Force file download

I am using jquery datatables to tabulate data from mysql. What is happening, is that when a user clicks on the download file link, the file is opening in the browser instead of downloading. I have included my code and would be grateful if someone could point out my error. Many thanks

$(function() {
  //$.fn.dataTable.moment('d/m/y H:i:s');
  var link = '<i class="fa fa-download fa-lg" style="align: middle; font-size: 1.8em; color: black; margin-right: 14px;"></i>' + ' ' + ' Download File';
  tableUpload = $('#uploadTable').DataTable({
    "ajax": "/lsorg/users/fileupload.php",
    "bPaginate": true,
    "bProcessing": true,
    //    "bserverSide": true,
    "pageLength": 10,
    "autoWidth": false,
    "ordering": true,
    "sortable": true,
    "sAjaxDataProp": "",
    "columns": [{
      data: 'id'
    }, {
      data: 'date'
    }, {
      data: 'company'
    }, {
      data: 'user'
    }, {
      data: 'description'
    }, {
      data: 'file',
      "render": function(data, type, row, meta) {
        if (type === 'display') {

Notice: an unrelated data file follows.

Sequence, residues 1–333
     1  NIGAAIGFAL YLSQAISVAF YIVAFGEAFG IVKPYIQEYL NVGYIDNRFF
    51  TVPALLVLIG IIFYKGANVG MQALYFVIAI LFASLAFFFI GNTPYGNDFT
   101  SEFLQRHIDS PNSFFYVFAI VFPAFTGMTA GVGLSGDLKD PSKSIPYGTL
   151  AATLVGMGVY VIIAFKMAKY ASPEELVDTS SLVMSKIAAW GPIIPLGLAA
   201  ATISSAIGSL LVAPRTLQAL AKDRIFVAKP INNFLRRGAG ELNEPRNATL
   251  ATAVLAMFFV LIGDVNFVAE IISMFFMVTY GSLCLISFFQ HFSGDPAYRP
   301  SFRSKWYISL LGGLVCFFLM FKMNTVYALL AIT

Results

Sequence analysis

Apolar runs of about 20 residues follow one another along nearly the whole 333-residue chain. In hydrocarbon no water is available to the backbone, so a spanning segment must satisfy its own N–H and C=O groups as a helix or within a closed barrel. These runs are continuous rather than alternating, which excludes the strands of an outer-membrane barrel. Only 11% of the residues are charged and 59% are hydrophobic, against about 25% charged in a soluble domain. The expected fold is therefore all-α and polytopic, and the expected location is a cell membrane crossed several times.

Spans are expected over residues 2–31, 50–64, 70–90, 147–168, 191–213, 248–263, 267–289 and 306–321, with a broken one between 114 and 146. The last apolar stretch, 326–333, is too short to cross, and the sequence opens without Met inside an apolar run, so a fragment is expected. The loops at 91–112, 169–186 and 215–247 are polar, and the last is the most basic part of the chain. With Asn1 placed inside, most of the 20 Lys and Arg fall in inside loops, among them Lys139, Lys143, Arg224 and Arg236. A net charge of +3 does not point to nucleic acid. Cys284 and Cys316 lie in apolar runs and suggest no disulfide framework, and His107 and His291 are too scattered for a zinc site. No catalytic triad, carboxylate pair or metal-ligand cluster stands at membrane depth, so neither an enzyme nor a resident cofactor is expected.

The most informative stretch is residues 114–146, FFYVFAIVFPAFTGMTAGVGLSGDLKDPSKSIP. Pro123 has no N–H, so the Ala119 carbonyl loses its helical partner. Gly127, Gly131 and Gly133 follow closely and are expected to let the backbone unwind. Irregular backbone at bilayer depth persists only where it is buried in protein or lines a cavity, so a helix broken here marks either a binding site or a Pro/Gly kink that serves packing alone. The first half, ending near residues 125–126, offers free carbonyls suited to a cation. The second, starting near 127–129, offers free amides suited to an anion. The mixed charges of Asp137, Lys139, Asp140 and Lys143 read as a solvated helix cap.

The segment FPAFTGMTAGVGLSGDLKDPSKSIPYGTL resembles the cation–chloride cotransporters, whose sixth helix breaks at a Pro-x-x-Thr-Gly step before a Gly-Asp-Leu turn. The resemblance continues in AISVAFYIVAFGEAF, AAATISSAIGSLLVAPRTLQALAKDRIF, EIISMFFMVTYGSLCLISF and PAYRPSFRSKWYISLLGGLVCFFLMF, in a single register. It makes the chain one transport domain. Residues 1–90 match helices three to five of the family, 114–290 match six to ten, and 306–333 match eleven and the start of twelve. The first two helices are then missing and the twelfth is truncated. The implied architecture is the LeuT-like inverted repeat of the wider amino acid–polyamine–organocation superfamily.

data = '<a href="' + data + '" style="text-decoration: none; color: red;">' + link + '</a>';
        return data;
    "order": [
        1, "desc"
    "columnDefs": [{
      "width": "20%",
      "targets": [1],
    }, {
      "orderable": false,
      "targets": [0]
    }, {
      className: "hide_id",
      "targets": [0]

Hi @poorbaldrick, try adding a download attribute to the anchor element – it’s not supported by IE though (see here for details). Other than that the actual behaviour also depends on the individual user agent settings.

Hello m3
Thanks for the reply. What happens if a user is not using a browser that is html5? is there a fallback. Thanks

All major browsers support HTML5, and those that don’t (say for some obscure reason you are browsing the web with IE6) still fall back to standards mode. So it is more a question of feature support, and in this case I am not aware of any fallback.

Well the ‘fallback’ would be the default behavior for clicking a link, which is a link that points to a file. So a non-HTML5 browser would attempt to open the link, find it to be a file rather than an HTML transmission, and download the file in the standard manner (as the OP’s link currently operates).

The same thing that happens if you stick wookwook=“blarfinger” into your link. The browser simply doesnt know how to interpret the attribute, so it ignores it.

1 Like

Thanks for all your help with this question guys.

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